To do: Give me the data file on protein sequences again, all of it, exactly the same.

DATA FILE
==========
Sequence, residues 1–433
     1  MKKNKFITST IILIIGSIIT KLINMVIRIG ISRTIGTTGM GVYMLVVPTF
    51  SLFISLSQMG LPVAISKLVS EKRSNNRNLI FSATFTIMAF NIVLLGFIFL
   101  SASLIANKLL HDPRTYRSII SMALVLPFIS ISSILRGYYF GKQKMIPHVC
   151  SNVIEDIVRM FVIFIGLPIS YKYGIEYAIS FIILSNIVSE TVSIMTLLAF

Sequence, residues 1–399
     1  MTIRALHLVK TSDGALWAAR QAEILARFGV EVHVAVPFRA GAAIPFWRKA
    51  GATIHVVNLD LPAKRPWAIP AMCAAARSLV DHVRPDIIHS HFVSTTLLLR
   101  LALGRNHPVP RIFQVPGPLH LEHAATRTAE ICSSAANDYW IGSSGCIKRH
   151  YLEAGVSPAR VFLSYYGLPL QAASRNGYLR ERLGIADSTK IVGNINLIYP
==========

Sequence, residues 1–433
     1  MKKNKFITST IILIIGSIIT KLINMVIRIG ISRTIGTTGM GVYMLVVPTF
    51  SLFISLSQMG LPVAISKLVS EKRSNNRNLI FSATFTIMAF NIVLLGFIFL
   101  SASLIANKLL HDPRTYRSII SMALVLPFIS ISSILRGYYF GKQKMIPHVC
   151  SNVIEDIVRM FVIFIGLPIS YKYGIEYAIS FIILSNIVSE TVSIMTLLAF

Sequence, residues 1–399
     1  MTIRALHLVK TSDGALWAAR QAEILARFGV EVHVAVPFRA GAAIPFWRKA
    51  GATIHVVNLD LPAKRPWAIP AMCAAARSLV DHVRPDIIHS HFVSTTLLLR
   101  LALGRNHPVP RIFQVPGPLH LEHAATRTAE ICSSAANDYW IGSSGCIKRH
   151  YLEAGVSPAR VFLSYYGLPL QAASRNGYLR ERLGIADSTK IVGNINLIYP